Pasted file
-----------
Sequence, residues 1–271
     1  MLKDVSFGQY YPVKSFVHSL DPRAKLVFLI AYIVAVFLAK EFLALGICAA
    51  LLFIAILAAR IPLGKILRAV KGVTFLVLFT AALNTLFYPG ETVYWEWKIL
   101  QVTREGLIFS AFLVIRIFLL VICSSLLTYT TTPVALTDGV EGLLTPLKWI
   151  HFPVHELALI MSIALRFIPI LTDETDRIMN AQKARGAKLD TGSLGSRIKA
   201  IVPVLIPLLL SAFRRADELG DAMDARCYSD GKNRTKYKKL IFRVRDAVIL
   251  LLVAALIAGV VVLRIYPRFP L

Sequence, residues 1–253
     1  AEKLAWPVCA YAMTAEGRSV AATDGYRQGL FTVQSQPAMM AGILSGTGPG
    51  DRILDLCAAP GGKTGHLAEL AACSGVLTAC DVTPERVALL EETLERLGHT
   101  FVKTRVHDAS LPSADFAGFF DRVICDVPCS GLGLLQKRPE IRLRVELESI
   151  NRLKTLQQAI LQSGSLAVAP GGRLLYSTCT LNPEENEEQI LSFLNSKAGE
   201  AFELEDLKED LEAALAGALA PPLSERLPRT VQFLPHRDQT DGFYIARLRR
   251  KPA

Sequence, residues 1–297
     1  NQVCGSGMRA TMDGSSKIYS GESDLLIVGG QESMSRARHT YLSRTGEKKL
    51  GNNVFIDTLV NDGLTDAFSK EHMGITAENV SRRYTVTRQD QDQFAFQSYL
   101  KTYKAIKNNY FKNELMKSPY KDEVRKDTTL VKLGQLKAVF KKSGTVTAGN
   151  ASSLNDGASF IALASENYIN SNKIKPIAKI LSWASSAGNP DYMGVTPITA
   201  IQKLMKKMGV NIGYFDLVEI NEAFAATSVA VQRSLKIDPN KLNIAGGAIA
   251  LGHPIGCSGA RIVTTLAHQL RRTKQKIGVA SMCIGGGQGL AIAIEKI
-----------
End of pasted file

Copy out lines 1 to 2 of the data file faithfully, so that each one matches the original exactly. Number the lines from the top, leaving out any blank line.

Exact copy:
Sequence, residues 1–271
     1  MLKDVSFGQY YPVKSFVHSL DPRAKLVFLI AYIVAVFLAK EFLALGICAA